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We thank the Myanmar Ministry of Health and Sports and the Department of Public Health for approving and supporting the study. We thank the township medical officers of Taikkyi and Nyaung Don townships for their support and advice. We would like to give special thanks to the village midwives, health assistants and the health team volunteers. We would like to thank the people of Udo and Kyee Kan Theik villages for their participation in the study, their support and their patience. We thank the laboratory technicians from the Defence Services Medical Academy, without which this study could not have gone ahead. Dr. Mya Mya Aye provided much help at the beginning of the study on site selection and parasitology. We also thank the Department of Medical Research, Myanmar, for their help with the Myanmar ethical process. We also thank Rita Oliveira, Alice Easton and Bruno Levecke for their advice on laboratory methods and sample storage. Rita Oliveira and Rajiv Sarkar provided advice concerning data analysis reported in this paper.


The study was funded by the London Centre for Neglected Tropical Disease Research (funded by GlaxoSmithKline). JCD, AAB and NYW are supported by the London Centre for Neglected Tropical Disease Research (funded by GlaxoSmithKline). RMA is supported by the Bill and Melinda Gates Foundation (#OPP1053230). The funders had no role in study design, data collection and analysis, decision to publish, or preparation of the manuscript.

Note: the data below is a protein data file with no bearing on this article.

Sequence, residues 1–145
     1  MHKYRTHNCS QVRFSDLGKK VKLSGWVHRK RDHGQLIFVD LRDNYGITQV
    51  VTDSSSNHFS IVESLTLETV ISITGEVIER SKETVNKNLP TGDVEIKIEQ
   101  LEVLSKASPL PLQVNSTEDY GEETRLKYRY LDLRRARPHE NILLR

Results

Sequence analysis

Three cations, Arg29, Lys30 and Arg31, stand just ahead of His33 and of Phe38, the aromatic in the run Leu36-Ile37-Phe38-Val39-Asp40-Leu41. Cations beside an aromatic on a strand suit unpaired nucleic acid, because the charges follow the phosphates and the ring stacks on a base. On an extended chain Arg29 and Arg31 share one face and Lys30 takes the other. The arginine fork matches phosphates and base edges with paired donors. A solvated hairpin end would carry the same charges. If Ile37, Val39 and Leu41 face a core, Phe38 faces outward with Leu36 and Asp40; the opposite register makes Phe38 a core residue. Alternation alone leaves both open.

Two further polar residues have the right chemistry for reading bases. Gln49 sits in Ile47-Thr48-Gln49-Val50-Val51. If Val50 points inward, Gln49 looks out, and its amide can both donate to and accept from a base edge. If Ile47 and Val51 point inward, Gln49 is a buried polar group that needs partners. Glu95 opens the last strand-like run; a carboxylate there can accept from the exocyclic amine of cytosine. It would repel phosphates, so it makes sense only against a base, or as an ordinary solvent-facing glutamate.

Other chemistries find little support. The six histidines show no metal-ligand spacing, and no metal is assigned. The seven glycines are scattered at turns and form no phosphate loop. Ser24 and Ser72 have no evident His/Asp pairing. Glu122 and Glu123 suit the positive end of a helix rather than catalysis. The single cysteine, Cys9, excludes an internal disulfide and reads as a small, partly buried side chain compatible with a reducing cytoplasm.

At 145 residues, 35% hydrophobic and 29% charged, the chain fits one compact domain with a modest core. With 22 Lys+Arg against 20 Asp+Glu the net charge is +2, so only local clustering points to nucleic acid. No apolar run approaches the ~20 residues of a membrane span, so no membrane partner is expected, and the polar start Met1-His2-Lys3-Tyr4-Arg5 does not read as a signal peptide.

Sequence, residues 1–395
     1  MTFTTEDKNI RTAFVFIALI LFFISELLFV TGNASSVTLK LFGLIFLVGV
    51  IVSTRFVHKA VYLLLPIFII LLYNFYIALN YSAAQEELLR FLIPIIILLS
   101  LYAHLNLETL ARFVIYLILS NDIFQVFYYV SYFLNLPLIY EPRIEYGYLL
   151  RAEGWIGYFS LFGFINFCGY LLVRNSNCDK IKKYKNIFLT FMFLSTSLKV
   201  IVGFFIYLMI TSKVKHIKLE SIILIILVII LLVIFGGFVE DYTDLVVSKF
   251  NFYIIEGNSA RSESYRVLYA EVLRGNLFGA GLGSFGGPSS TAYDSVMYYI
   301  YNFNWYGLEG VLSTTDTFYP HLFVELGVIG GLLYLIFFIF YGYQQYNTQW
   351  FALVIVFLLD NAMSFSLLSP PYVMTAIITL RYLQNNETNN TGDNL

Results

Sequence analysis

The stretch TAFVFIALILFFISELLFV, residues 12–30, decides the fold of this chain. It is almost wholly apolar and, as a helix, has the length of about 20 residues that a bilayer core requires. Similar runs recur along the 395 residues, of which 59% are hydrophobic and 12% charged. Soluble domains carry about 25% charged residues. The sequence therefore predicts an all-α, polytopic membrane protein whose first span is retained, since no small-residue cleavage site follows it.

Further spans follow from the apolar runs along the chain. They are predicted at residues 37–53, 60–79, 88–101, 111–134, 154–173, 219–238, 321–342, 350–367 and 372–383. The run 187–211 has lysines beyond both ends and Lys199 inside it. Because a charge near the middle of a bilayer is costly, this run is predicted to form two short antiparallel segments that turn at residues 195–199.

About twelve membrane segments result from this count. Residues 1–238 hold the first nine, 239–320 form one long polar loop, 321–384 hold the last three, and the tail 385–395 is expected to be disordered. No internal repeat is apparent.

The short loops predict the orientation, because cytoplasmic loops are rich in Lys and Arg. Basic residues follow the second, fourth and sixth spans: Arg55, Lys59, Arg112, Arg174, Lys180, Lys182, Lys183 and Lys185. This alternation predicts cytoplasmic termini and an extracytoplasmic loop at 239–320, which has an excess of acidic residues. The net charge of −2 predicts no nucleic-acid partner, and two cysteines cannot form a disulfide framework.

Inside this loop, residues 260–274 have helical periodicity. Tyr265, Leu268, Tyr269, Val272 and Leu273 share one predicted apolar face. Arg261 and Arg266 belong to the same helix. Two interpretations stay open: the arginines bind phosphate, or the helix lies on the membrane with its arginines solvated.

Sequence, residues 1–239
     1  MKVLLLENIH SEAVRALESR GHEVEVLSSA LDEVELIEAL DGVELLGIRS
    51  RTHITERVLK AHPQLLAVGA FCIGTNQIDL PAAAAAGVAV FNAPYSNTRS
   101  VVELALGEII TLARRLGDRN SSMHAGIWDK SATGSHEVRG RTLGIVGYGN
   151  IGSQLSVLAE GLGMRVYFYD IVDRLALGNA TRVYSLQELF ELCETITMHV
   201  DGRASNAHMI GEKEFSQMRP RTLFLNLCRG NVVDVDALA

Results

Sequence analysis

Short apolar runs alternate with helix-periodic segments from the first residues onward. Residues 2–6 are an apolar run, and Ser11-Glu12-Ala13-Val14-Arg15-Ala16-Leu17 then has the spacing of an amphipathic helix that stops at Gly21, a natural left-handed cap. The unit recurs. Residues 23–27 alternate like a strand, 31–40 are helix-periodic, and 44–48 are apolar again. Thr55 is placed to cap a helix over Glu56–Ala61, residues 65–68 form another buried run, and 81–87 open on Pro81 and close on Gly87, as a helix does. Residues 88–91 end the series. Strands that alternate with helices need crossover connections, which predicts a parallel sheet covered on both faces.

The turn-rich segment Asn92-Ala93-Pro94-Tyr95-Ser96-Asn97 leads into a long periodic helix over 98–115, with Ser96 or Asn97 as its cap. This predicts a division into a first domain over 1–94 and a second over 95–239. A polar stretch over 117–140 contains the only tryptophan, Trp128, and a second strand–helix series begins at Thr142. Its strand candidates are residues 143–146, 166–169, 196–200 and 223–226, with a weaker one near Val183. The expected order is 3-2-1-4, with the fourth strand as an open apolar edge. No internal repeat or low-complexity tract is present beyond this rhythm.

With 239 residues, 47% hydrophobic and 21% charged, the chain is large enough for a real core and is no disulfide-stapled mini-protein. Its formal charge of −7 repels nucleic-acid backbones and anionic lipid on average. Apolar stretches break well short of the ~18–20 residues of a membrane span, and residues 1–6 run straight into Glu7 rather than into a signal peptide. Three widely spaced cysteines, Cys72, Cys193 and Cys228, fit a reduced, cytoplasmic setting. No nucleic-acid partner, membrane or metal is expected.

Availability of data and materials

The datasets generated and analysed during this study are not publicly available as they include individual-level infection data, but are available from the corresponding author on reasonable request.

Author information

Authors and Affiliations



JCD, AAB, AMML, MMS, NSM and RMA contributed to designing the study. AT helped to secure necessary permissions from the Ministry of Health and Ministry of Education. JCD, AAB, NYW and AMML wrote the study protocol. JCD, AAB, NYW, STL and KKS led and conducted the field work. JCD conducted the data analysis. JCD, AAB and RMA contributed to the writing of the paper. All authors read and approved the final manuscript.

Corresponding author

Correspondence to Julia C. Dunn.

Ethics declarations

Ethics approval and consent to participate

The protocol of the study was approved by the Imperial College Research Ethics Committee (ICREC Reference - 15IC2667), London, UK and the Department of Medical Research (DMR) Ethics Review Committee, Yangon, Myanmar. An informed consent form was signed by each participant, parents/guardians signed consent forms on behalf of their children (under 18 years old) and children aged 10–17 years also signed assent forms. All study participants were offered treatment with albendazole regardless of their disease status. Participants were also reminded that they were free to leave the study at any time, and that doing so would not affect their access to treatment through existing government MDA programmes.

Consent for publication

Not applicable.

Competing interests

Roy M Anderson is a non-executive board member of GlaxoSmithKline (GSK). GlaxoSmithKline played no role in study design, data collection and analysis, decision to publish, or preparation of the manuscript. All of the other authors declare that they have no competing interests.

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Additional files

Additional file 1:

STROBE checklist. (TIFF 665 kb)

Additional file 2:

Sample size back calculation. (DOC 85 kb)

Additional file 3: Figure S1.

Study participation flow-chart. (TIFF 524 kb)

Additional file 4: Figure S2.

Study methods flow-chart. (DOCX 17 kb)

Additional file 5: Figure S3.

Age pyramids. (TIFF 465 kb)

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Dunn, J.C., Bettis, A.A., Wyine, N.Y. et al. A cross-sectional survey of soil-transmitted helminthiases in two Myanmar villages receiving mass drug administration: epidemiology of infection with a focus on adults. Parasites Vectors 10, 374 (2017).